An activist investor has set its sights on Mattel increase; green up pointing triangle and is seeking changes to boost the toymaker’s lackluster stock.
Barington Capital has built an undisclosed stake in Mattel, according to a letter sent to Chief Executive Officer Ynon Kreiz that was seen by The Wall Street Journal.
At just over $18, Mattel stock has done little for decades as the company has struggled to court consumers in higher-inflation times and battled with a downturn in the toy industry as children shift their attention to videogames and smartphone apps.
Barington thinks Mattel’s share price will continue to underperform unless it takes steps that include pursuing strategic alternatives for its Fisher-Price and American Girl businesses, stopping what the investor views as excessive stock-based compensation and launching a $2 billion share-buyback plan.
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Barington founder James Mitarotonda said in the letter that he thinks these actions—together with improvements Mattel is already making in its core fashion-doll and toy-vehicle divisions—have the potential to more than double the share price in three years.
Barington is also asking the toy maker to separate the CEO and chairman roles, both of which are held by Kreiz, who joined Mattel as CEO in April 2018 and was appointed chairman of the board a month later.
A spokesperson for Mattel said the company is reviewing the activist’s letter. “We look forward to engaging with Barington as we do with all our shareholders.”
There is no guarantee Barington’s campaign will gain traction. Activist shareholders often take stakes and push for change, only to quietly go away if they are unsuccessful.
Hasbro, Mattel’s rival, in 2022 fended off a board challenge from an activist who wanted the toy maker to explore spinning off one of its units and make other changes.
Hasbro previously tried to take over Mattel, making an offer for a deal that would have united the two biggest U.S. toy makers and put Barbie and G.I. Joe under the same roof, the Journal reported in 2017.
El Segundo, Calif.-based Mattel’s portfolio of brands also includes Barbie, Hot Wheels, Thomas & Friends and Uno, the popular card game. The company has a market capitalization of about $6.5 billion.
Kreiz has been focused on efforts to tap in to the value of Mattel’s intellectual property through other ventures, such as films. He has helped repair Mattel’s relationships with retailers and Hollywood studios. The company has live-action movies in the works, including about Hot Wheels, Uno and the purple dinosaur Barney.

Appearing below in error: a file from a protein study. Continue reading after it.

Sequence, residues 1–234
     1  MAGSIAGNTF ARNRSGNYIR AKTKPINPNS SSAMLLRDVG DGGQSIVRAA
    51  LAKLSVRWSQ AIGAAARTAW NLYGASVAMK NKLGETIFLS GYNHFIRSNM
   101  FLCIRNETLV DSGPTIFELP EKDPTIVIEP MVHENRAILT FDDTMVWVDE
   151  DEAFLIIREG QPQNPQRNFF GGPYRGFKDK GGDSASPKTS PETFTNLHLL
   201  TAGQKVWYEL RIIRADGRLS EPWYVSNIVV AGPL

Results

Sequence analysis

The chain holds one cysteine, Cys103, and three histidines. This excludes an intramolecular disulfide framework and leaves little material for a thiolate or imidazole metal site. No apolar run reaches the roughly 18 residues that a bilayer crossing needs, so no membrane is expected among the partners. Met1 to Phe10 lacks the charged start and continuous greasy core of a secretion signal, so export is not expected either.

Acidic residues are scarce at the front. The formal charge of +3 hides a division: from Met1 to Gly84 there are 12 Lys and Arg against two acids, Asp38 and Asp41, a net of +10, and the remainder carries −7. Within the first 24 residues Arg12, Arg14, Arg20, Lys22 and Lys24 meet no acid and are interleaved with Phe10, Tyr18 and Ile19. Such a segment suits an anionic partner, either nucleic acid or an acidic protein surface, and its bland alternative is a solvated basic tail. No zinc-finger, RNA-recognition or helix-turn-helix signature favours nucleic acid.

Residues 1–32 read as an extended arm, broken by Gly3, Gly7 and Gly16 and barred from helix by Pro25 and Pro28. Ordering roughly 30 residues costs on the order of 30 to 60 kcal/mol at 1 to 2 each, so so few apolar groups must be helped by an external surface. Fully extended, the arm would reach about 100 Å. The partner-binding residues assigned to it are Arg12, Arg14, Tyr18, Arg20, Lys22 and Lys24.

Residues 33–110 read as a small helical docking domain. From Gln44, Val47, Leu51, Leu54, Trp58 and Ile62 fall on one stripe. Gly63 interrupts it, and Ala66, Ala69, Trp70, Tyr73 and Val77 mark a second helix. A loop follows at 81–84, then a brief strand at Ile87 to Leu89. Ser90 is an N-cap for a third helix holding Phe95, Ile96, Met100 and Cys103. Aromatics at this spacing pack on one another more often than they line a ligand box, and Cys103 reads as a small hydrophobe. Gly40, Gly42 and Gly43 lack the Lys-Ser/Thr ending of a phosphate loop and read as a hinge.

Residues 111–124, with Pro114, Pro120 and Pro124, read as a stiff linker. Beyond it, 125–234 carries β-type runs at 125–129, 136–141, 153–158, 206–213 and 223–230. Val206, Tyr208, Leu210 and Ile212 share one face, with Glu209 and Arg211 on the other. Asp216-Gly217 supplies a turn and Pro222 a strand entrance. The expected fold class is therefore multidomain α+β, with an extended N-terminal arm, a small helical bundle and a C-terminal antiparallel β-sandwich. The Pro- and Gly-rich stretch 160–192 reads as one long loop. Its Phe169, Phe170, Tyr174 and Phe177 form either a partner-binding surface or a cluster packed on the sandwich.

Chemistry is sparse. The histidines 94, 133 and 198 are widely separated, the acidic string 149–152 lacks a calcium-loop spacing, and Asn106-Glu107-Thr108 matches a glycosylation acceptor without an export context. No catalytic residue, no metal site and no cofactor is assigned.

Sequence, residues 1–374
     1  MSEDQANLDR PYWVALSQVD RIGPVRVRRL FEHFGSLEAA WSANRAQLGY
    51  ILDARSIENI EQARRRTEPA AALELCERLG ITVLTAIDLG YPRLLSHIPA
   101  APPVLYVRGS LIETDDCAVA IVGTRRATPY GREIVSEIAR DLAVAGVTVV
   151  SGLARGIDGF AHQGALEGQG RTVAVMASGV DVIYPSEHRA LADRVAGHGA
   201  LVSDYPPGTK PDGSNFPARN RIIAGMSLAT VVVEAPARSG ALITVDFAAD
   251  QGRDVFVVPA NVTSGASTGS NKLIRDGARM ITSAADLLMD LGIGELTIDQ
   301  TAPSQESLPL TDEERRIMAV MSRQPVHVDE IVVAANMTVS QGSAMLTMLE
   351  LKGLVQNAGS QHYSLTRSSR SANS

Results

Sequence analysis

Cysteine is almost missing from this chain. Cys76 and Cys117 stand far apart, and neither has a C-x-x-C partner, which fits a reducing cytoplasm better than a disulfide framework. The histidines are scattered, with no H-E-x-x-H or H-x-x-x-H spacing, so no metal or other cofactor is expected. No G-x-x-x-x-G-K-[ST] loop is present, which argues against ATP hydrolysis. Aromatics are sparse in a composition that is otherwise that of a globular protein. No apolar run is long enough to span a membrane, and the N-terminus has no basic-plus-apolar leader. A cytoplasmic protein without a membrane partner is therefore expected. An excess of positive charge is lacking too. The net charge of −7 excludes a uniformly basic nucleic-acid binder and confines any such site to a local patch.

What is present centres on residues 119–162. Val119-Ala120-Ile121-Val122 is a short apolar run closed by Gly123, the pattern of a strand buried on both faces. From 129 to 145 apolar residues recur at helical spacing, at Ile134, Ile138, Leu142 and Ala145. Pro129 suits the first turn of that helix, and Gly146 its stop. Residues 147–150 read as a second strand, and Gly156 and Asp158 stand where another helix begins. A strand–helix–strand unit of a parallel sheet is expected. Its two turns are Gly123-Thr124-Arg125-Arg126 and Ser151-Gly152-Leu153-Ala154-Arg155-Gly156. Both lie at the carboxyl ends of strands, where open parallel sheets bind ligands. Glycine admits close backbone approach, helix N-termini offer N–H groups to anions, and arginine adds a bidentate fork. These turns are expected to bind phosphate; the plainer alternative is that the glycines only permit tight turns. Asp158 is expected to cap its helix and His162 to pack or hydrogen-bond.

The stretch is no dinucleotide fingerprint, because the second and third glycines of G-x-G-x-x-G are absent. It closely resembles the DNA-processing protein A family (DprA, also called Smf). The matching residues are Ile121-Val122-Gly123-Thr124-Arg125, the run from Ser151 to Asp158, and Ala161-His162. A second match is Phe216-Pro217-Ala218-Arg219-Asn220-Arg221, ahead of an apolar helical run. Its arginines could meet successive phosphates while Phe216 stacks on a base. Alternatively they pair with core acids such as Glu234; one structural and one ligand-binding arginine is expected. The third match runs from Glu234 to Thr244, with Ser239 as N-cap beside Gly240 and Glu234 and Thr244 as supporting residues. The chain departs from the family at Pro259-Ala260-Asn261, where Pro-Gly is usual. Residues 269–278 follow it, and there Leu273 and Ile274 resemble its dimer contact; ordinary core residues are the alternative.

In its letter, Barington applauded Mattel on the recent theatrical release of the Barbie movie and the performance of other brands.
Regarding American Girl and Fisher-Price, which sits in Mattel’s infant, toddler and preschool segment, Barington wrote: “We believe that these brands are now detracting from the success at Mattel’s other segments, and hurting shareholder value.” It added that these two segments are “putting a dark cloud over the company.”
Barington was founded in 2000 by Mitarotonda, who has sat on the board of companies including Pep Boys and Avon Products. The firm has successfully pushed for changes at retailers and restaurant chains including L Brands, which broke up into Victoria’s Secret and Bath & Body Works, and Olive Garden parent Darden Restaurants.
Barington most recently pushed underwear maker Hanesbrands to overhaul its board and consider other ways to boost its stock price. The company subsequently entered into a cooperation agreement with Barington and named three new independent directors. Hanesbrands is also conducting a sale process for its Champion business.
This time of year is typically when activists kick into high gear, as many companies’ windows for shareholder nominations open ahead of annual meetings to be held in the spring.
Disney is facing activist onslaughts from Nelson Peltz’s Trian Fund Management and Blackwells Capital. A labor group is seeking representation on the Starbucks board, and railroad operator Norfolk Southern is up against an investor group calling for its CEO’s ouster, the Journal reported.
Source: The Wall Street Journal February 2, 2024 | By Lauren Thomas